According to Article 23 of the 1995 UN Fish Stocks Agreement, port States shall not discriminate in form or in fact against the vessels of any State. This suggests that port States as a basic principle should treat their vessels and foreign vessels on equal terms. It could be argued that other means of control of vessels flagged to the port State[54] may replace the obligation on mandatory port State control. As mentioned before, the Paris MOU requires that at least 25% of the merchant fleet be inspected. A similar approach, with different level of inspection frequency, could be considered also for MOUs on port State control of fishing vessels. Other parameters such as the size of vessels, FONC or FOC-vessels, production vessels etc. could also be relevant. There are, however, good reasons for arguing that all foreign fishing vessels should be subject to mandatory port State control.

Paragraph 57 of the IPOA on IUU fishing provides that States should publicize ports to which foreign flagged vessels may be permitted admission. Some States have so many ports that it would almost be impossible to man them 24 hours a day all year round. So this may be a way forward where lack of resources is a challenge. It should also be mentioned that some States have singled out just a few ports to where the foreign fishing fleet has access.[55] Paragraph 57 also requires that States should ensure that such designated ports have the capacity to conduct inspections. This would mean that the responsible authorities are capable of conducting the foreseen inspections and that these are finalized within a reasonable time frame.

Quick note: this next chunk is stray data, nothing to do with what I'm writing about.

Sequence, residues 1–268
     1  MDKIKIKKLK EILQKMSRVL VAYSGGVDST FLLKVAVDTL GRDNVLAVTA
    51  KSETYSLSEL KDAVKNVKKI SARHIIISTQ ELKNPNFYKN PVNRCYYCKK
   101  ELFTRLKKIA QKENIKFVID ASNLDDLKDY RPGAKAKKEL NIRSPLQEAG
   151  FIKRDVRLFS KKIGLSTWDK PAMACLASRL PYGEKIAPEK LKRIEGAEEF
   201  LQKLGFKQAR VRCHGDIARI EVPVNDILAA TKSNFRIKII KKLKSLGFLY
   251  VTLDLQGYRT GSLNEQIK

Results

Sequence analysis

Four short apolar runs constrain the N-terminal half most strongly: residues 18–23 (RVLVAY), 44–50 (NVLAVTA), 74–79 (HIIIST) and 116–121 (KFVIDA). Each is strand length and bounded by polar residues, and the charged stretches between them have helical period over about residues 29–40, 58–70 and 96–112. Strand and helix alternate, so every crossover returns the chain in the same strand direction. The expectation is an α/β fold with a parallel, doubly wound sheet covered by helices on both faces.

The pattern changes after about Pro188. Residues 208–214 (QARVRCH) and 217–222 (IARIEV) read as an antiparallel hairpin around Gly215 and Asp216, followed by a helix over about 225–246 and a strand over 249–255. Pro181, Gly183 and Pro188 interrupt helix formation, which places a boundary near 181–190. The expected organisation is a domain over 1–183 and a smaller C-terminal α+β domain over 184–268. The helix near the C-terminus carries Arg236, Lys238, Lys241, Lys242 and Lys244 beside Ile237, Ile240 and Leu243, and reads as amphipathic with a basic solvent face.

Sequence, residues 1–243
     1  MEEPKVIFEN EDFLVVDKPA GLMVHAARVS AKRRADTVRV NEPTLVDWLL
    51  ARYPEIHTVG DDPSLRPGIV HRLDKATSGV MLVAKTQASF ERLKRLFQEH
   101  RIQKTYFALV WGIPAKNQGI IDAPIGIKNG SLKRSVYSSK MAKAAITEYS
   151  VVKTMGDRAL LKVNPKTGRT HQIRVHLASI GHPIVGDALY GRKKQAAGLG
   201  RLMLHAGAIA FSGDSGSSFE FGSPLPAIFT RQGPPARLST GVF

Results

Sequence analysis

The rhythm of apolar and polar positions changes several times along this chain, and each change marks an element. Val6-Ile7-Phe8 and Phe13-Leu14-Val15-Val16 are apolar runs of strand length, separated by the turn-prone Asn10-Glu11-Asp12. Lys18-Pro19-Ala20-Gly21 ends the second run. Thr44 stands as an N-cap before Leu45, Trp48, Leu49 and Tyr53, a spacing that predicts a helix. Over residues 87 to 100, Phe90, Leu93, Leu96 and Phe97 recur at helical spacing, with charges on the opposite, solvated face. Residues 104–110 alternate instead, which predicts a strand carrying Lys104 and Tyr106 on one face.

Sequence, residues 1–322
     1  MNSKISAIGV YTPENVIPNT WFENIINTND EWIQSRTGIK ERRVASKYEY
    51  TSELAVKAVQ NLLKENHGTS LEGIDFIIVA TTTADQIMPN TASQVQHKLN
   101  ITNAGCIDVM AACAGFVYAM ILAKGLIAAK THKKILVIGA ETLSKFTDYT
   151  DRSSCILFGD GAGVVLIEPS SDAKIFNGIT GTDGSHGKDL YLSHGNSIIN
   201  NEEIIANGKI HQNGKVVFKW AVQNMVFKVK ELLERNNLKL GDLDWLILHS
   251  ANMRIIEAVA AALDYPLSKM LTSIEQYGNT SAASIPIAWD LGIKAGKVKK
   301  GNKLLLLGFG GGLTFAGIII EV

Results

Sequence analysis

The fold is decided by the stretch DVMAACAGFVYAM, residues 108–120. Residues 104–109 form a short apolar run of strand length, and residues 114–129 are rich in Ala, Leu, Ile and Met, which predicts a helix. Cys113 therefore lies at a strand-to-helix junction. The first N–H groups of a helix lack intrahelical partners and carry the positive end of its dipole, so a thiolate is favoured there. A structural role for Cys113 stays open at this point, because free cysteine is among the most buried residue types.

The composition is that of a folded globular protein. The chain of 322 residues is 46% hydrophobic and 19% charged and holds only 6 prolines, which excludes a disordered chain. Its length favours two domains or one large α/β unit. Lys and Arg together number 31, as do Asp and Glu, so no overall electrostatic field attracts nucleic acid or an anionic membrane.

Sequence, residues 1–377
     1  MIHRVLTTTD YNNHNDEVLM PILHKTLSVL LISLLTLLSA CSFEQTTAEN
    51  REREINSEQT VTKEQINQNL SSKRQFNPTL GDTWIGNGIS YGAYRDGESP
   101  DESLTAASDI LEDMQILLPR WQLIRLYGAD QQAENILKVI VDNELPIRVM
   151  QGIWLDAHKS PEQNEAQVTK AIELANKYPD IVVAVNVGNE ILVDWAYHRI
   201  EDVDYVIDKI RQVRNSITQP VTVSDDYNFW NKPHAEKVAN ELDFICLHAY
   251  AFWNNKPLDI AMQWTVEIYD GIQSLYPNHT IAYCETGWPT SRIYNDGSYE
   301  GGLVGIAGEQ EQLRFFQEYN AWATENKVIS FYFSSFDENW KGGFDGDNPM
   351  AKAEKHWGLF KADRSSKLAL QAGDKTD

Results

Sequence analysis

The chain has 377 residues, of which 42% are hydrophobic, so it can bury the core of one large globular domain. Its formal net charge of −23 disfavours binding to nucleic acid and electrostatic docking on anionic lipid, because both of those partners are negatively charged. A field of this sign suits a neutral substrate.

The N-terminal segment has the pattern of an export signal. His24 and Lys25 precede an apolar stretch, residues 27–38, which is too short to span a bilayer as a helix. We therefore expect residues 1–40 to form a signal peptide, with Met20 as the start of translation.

In order to have a wide application of port State measures for counteracting IUU fishing, it should be recognized that creating awareness about, and capacity building in port State measures, especially in developing countries is vital.[56]

4.6 Port inspections

Vessel inspections are a key management tool for monitoring and control. Port inspections are considerably easier to conduct than those at sea due to the safety factor of not having to deal with the motion of the sea on boarding and disembarking, or during the inspection itself. Naturally, it will be impossible to observe fishing and processing operations during an inspection in port, but it should nevertheless be possible to reconstruct the fishing activities of the vessel. In addition to formalities such as identification etc, a port inspector should be able to determine the fishing pattern, catches, and verify the fish on board through an inspection. It should also be possible to check the hold and construction of the fishing gear. Even if not landed, information about the fish on board the vessel may in some cases also be determined as precisely as desired.

When examining the record of a particular vessel, the inspector should be in possession of all relevant conservation and management measures in force for the area/areas where the vessel conducted its fishing. The vast majority of RFMOs have published the conservation and management measures in force on their respective web sites.